hat you do online. When you’re home. When you’re not. Where you shop. Who you friend and date. What apps you download and how you use them. Your age, sex, income, credit score, and location day and night. We trade thousands and thousands of points of data like this every day to use websites like Facebook, services like Gmail and apps like Tinder.
Personal data has become the currency of the Internet. Things are free online because you’re paying with your data. Companies mine that data, and then monetize it through advertising.
Big data collectors like Google and Facebook record not only what you do on their sites, but also elsewhere on the Internet through tracking devices like browser cookies. They combine all that information with data they acquire and purchase from third parties. The result is a big ball of data about you that can be used by advertisers for marketing.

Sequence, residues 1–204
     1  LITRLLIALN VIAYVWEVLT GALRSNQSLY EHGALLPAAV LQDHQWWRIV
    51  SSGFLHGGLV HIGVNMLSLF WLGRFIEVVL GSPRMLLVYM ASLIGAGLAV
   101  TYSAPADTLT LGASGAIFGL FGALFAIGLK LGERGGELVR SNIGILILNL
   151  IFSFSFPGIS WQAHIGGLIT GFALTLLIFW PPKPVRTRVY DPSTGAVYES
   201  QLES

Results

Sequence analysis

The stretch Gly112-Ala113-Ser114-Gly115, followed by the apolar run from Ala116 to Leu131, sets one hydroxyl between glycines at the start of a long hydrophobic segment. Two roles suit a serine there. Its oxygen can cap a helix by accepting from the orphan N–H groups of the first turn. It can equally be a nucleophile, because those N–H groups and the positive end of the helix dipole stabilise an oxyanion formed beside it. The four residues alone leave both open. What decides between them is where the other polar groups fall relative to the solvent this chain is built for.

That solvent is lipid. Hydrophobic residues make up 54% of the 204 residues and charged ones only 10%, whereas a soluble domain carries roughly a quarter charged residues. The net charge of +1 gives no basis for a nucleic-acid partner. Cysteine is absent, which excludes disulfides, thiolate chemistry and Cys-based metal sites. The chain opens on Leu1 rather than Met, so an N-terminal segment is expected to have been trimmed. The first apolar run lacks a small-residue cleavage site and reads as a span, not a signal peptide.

Most smaller data collectors, like say a free smartphone game, sell the data they gather to brokers. Companies that have platforms to reach eyeballs — like Google and Facebook — roll up their own balls of user data and charge advertisers to target marketing to its users based on that information.
In his state of the state address, Gov. Gavin Newsom said consumers should make money from all their data.
“I’ve asked my team to develop a proposal for a new ‘data dividend’ for Californians, because we recognize that your data has value and it belongs to you,” he said.
This idea isn’t new.
Private companies like Datacoup and Meeco have tried to get consumers to sell their data directly to advertisers. The problem these companies have run into is that even selling even your most personal, intimate details won’t actually bring you that much money.
That's because one individual’s information isn’t worth that much on its own. Even U.S. consumers, who, because of their buying power, have the most valuable personal information in the world, have only been able to make tens of dollars a month on these data marketplaces.
Data really starts to gain value when companies have information on millions or billions of users, and when they control the mediums for advertisers to access those users.